On February 25, 2011, a bipartisan group of over 270 state legislators representing 44 states voicing their solidarity with the “Wisconsin Fourteen” state senators and urging them to stand firm in their fight.
.As we reported last week, legislators and advocates in several states are gearing up to oppose legislation that would roll back long-accepted labor standards and weaken prospects for a meaningful economic recovery. Proponents of those measures are polarizing the political climate by vilifying unions and public sector workers. While, in most of these cases, the subject legislation may never be enacted, there is a danger that under cover of such divisiveness, other major anti-labor initiatives could quietly squeak through by being packaged more moderately.
On the heels of December’s tax-breaks-for-unemployment-insurance hostage crisis and news of record levels of profit-making failing to result in job creation, conservatives are planning a slew of attacks on workers’ rights and labor standards in 2011. This exploitation of anger about unemployment and economic insecurity must be exposed as an effort to ensure that everyone becomes a have-not and to guarantee that the Great Recession only ends for a select few.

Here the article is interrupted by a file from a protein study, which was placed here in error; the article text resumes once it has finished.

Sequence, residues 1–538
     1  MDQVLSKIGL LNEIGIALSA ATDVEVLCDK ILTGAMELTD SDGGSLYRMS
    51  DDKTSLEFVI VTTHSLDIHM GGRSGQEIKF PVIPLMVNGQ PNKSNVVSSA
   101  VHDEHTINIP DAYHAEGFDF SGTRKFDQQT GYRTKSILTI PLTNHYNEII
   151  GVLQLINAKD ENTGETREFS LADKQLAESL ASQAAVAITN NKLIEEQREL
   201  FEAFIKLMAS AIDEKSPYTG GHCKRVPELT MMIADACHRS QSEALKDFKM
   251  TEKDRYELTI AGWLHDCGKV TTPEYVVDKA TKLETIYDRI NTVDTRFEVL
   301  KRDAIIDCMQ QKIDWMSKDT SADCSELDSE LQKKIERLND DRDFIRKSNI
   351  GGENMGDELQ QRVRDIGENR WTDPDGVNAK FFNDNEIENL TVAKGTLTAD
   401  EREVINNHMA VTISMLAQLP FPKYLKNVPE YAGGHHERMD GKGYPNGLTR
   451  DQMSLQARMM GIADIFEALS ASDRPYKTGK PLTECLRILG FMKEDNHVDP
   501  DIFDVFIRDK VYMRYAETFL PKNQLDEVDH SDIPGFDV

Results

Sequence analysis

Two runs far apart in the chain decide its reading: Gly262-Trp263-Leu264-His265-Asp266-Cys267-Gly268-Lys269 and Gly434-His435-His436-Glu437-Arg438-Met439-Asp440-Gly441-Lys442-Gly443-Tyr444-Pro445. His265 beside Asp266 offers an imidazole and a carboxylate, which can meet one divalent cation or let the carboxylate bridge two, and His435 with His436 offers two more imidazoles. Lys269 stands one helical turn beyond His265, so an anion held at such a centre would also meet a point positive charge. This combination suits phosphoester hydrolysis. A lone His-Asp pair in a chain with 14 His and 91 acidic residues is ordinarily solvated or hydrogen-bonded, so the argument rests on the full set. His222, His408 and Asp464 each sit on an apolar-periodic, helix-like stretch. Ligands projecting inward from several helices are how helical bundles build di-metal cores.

This week, New York Governor David Paterson signed the Wage Theft Protection Act into law, ending a long grassroots and legislative campaign to address the myriad ways workers are routinely cheated out of a fair day's pay by their employers, all in direct conflict with federal and state wage and hour laws. The problem is widespread, and of colossal proportions in many low-wage industries, including the garment, retail, and service sectors.
Arizona continues to focus on catering to its rightwing ideological zealots rather than addressing its devastating revenue and economic crisis. The most recent example is Arizona Governor Jan Brewer calling the legislature into special session to revise Proposition 108, a controversial ballot measure that was ruled unconstitutional in its original form by the State Supreme Court last week.
April has seen two major industrial accidents that have captured the national eye. Explosions at the Upper Big Branch Mine in West Virginia and the Deepwater Horizon oil rig off the coast of Louisiana claimed the lives of forty workers and injured thirty-eight. Much of the media attention
on these tragedies has focused on the culpability of employers and enforcement capacity at federal agencies responsible for regulating mine and offshore
drilling safety. However, there are proactive steps states can take to address occupational safety hazards and ensure people do not have to sacrifice their personal safety in exchange for a paycheck.